- Mitch Secrett says that live, linear radio doesn’t work on a smartphone. I’ve been saying this for a while: and there’s a wealth of difference between a smartphone and a “box with a speaker”, like a radio receiver, incidentally
- “I’m a Christian radio host: Our music isn’t high art — but it’s just what people want.” (Oh, no, it isn’t – not me, anyway. But I see your point.)
- The Benefits of Using Streaming Data to Pick Music – some quite interesting case studies
- The media’s coming increasingly under fire for its old-fashioned, well-meaning approach to covering news that, many argue, isn’t really working in this day and age. Here’s an interesting piece about the media’s false impression of balance, which is – to a degree – to blame for Brexit, Pauline Hanson or Donald Trump (delete as applicable, preferably all three). Meanwhile, Jeff Jarvis reckons he’s spotted how to save news, and here’s a comic treatment of a tragically broken process in journalism which again makes you think a bit. I’m now steering clear of news – broadcast news, at least: I find it all simply too depressing and bewildering.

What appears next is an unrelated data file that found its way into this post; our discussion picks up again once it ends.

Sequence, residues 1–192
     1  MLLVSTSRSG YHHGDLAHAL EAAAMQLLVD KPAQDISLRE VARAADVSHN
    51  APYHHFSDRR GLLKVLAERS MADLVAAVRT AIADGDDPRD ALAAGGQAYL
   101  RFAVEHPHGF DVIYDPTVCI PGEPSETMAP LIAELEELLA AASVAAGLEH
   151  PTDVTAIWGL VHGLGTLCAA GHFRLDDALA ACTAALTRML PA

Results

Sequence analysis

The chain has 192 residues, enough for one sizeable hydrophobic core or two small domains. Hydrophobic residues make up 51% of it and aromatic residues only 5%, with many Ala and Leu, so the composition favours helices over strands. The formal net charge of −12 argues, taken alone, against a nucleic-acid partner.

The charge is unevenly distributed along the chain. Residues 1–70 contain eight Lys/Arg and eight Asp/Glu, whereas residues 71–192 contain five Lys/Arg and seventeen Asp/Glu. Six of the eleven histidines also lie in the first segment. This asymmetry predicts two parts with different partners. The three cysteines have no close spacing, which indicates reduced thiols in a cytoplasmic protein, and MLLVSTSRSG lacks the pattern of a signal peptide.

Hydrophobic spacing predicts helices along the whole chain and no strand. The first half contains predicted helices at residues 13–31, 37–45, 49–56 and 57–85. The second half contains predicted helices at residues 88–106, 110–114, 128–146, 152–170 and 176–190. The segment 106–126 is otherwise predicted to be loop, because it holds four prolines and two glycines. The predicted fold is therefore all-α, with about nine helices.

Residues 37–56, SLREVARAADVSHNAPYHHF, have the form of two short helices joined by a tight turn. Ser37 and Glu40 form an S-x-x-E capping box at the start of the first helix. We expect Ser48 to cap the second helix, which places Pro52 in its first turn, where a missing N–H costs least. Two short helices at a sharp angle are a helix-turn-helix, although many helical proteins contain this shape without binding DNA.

- Interesting US ruling that internet radio is not radio. It is, you know.
- Podcasting Has An Ad-Skipping Problem, Too – fascinating, and with some (if limited) actual data.
- 20 Headphone brands ranked from worst to best – based on more than 100,000 customer reviews, and apparently quite a decent article
- Nashville Reporter Sacked After Returning From Father’s Funeral – horrid story, but highlights a growing trend of firing experienced reporters because they’re simply too expensive